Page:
RIAA Must Prove Infringement

(antiMusic) We realize that most of our readers are as bored with stories about the music industry suing their customers as they are with vh1's celeb retardity, but the labels were handed a major setback in court on Tuesday. It turns out that they actually have to prove that the people they sue have broken the law! Imagine that.

A federal district court judge in Arizona denied the RIAA attorneys motion for a summery judgment against two Kazaa file sharers, according to Billboard.biz. The court ruled that the two defendants, Pamela and Jeffrey Howell, did not unlawfully distribute copyrighted work by simply making it available on the Kazaa filesharing network. The court said that to qualify for infringement, the owner of the copyright must prove the "actual dissemination of copies or phonorecords."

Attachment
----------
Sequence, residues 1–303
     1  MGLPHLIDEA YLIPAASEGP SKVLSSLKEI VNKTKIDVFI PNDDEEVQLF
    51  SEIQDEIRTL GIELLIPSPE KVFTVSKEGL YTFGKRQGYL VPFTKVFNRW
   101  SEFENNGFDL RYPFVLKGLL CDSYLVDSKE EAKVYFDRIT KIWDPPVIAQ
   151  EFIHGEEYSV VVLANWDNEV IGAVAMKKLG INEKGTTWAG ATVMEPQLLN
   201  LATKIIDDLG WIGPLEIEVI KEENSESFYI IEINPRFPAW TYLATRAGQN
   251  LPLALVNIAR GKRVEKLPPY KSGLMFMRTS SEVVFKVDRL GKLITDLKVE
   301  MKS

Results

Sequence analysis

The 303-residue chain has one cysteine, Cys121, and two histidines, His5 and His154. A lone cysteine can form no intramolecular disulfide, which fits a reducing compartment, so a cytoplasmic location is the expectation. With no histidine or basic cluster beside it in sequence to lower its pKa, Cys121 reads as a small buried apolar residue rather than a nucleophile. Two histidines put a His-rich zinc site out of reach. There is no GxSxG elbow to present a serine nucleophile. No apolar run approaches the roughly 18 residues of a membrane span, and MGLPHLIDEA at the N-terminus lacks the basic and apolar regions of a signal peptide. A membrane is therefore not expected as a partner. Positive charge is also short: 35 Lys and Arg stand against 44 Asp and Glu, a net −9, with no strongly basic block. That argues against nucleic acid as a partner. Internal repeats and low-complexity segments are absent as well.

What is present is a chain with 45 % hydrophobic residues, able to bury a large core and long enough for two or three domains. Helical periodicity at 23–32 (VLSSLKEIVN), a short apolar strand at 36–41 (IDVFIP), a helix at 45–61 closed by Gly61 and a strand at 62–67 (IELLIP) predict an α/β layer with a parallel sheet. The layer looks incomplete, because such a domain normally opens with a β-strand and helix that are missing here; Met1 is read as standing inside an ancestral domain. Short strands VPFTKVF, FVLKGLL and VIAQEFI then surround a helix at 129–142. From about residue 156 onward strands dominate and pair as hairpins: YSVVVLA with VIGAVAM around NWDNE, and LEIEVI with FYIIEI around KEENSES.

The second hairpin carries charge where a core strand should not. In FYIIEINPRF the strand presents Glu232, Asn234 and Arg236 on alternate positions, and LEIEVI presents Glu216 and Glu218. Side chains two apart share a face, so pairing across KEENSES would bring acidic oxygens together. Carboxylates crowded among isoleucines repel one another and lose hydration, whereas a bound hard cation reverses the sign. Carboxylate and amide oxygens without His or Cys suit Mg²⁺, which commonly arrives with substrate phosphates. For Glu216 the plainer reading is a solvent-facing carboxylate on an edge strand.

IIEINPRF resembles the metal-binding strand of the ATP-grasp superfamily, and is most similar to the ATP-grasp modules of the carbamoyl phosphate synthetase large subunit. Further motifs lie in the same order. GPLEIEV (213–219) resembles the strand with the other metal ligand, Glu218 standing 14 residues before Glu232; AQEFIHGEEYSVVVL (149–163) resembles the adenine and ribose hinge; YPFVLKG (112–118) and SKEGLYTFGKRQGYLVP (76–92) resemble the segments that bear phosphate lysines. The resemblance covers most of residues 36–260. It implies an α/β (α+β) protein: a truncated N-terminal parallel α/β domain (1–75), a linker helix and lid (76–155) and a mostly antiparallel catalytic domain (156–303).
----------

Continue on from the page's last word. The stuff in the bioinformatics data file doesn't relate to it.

This comes into play in this lawsuit because the music labels sued the defendants for allegedly distributing 54 music files, but the RIAA investigators only downloaded 12 of those files and the label attorneys did not provide evidence that their investigators or other Kazaa users downloaded the remaining 42 files.

The court also ruled that the labels must prove at trial that Howell was responsible for sharing the 12 files that are still part of the case. While this decision only impacts cases in that federal district in Arizona, defense attorneys could call upon the court's arguments in other cases.

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